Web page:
And also Commodore Oh, whom I very much hope is a Vulcan who has logicked herself onto the side of the Zhat Vash. Because otherwise we end up with a story like Captain America: The Winter Soldier, where sure, our organisation is corrupt and flawed, but it’s only because we were infiltrated by Nazis Hydra Romulans.

(Can I also say, as a Babylon 5 fan, it’s lovely to see that Tomita Tamlyn — who played the station’s first officer in that series’ notorious pilot — is working really consistently in the 21st century.)

It might be an overstatement to say I love Narek, by the way, but I don’t hate him, and I enjoyed his interactions with his sister. SIBLINGS who are SPIES and in it for EACH OTHER but mostly THEMSELVES. I am extremely sold.

(I’m also very into this thing where anyone with a British accent is either Romulan or French.)

I like all the Romulan characters, but I also love the variety of Romulans we’re getting, both physically and in terms of personality and culture.

We have Laris and Zhaban, who have very much assimilated into human society — and I side eye that, a little; as a friend on Tumblr pointed out, it’s a bit of a “good refugee” narrative — but it also makes sense: as Tal Shiar agents, they were trained in infiltration. And we never see them interact without Picard around.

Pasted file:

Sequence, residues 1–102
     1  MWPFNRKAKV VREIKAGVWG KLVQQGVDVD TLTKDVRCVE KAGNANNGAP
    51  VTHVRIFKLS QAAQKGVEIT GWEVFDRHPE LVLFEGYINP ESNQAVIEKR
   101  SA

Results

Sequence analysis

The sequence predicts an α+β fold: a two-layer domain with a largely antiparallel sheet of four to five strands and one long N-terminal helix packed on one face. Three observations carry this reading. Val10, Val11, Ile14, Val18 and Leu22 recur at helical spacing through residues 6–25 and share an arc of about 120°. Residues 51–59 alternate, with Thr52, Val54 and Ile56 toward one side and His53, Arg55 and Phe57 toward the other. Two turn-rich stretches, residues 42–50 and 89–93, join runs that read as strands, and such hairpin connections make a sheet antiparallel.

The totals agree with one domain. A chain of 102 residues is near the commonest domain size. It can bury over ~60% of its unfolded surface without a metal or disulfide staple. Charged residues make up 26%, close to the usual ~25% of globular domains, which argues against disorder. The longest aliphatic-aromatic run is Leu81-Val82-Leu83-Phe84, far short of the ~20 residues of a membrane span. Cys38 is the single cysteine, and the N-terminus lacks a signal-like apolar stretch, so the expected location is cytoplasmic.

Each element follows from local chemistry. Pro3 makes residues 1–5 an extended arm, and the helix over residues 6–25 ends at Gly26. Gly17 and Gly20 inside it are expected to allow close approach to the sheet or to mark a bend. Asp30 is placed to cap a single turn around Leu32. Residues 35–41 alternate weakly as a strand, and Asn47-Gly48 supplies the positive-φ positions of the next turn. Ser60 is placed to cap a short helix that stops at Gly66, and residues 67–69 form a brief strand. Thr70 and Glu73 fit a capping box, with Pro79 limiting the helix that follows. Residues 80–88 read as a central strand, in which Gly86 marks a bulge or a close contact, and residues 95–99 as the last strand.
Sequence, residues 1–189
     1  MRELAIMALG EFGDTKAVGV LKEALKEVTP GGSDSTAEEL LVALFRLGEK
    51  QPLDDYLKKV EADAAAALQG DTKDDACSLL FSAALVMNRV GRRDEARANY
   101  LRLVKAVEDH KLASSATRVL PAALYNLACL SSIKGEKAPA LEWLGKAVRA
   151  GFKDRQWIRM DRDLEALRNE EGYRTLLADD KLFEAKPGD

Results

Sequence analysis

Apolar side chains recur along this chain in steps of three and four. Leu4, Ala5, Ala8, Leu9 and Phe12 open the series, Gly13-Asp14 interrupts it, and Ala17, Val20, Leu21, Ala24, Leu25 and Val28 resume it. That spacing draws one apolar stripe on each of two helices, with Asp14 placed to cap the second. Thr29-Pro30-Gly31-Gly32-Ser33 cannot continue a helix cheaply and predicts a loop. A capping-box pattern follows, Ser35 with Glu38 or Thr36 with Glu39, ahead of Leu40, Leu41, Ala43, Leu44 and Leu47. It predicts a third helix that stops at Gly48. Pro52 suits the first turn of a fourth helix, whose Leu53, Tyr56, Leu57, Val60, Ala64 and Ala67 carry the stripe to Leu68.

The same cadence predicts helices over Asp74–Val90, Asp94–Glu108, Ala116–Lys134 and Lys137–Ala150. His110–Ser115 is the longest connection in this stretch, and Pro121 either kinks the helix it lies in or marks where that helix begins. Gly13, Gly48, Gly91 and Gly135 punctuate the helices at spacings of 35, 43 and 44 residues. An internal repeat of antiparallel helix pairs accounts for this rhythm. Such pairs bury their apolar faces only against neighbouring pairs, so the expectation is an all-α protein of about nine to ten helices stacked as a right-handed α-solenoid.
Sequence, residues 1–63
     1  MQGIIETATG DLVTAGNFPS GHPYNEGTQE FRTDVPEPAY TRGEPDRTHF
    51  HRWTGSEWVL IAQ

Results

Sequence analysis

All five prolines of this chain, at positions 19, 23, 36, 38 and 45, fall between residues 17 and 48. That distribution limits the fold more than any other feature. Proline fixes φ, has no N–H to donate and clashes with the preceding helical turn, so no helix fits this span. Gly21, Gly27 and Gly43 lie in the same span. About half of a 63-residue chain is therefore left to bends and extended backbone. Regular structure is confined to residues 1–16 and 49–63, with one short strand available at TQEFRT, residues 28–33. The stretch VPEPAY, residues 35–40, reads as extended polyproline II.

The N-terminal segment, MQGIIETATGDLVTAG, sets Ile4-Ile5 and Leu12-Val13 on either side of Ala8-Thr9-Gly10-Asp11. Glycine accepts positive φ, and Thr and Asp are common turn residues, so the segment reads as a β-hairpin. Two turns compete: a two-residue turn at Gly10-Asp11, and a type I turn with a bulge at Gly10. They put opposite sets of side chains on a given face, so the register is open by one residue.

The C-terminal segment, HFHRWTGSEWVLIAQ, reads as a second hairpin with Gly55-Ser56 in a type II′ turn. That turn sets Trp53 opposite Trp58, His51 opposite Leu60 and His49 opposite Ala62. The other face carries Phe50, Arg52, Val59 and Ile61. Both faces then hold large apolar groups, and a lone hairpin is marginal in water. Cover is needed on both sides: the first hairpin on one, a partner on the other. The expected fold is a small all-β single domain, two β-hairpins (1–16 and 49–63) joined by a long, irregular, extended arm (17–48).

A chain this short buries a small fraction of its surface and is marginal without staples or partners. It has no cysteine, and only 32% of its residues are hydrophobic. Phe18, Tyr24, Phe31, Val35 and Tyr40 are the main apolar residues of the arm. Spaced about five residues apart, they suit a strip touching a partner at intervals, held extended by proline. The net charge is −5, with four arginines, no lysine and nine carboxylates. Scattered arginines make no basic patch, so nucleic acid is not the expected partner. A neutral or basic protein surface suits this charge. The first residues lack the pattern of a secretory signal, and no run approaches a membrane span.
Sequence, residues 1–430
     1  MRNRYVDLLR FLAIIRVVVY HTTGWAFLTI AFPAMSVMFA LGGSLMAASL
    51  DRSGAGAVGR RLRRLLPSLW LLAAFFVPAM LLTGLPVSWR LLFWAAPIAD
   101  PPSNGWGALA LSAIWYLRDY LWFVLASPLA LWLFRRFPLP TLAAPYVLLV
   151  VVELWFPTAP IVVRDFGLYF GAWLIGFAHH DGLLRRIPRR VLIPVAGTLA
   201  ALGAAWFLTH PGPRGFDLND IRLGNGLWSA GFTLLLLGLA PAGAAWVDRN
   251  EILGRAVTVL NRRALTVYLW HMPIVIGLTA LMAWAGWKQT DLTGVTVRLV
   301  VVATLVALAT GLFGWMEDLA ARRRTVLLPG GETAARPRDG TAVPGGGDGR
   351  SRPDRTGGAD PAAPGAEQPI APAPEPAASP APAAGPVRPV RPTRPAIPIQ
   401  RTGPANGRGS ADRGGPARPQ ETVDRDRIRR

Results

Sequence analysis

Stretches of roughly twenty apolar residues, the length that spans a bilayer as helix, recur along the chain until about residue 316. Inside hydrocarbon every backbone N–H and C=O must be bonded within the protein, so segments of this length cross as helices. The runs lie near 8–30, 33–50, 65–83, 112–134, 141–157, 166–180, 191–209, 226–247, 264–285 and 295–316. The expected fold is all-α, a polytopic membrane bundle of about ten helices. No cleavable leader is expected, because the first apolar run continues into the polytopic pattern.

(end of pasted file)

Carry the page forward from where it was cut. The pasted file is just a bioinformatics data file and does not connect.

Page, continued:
Then we have Narek, who is as funny and charming as any Romulan we’ve met, but who is also a spy working against Soji; and then we have Nerissa, who has similar aims but is more hotheaded and aggressive in her approach.

There are also various background Romulans: the punk rock emo guy who delivered the workplace health and safety speech — if you can call it that — on the Borg cube, and Soji’s more reserved colleague. And, in the background, a pretty wide variety of Romulan appearances.

I’m so keen for all of this! I’m also excited that we’ll eventually get to meet Elnor (who does indeed have an Australian accent, going by a single line in a preview video), who was raised by a cult of … ninja murder nuns? This entire concept delights me, along with the prospect of seeing a different facet of Romulan culture, and a regular who is neither a spy (we assume) nor wholly assimilated into the Federation.

Speaking of assimilation…

Seriously, what kind of idiot looks at a Borg cube and goes, “Looks nice, I might move in”? (Then I thought, well, say you live in Melbourne or Sydney and can’t afford to enter the housing market through traditional means…)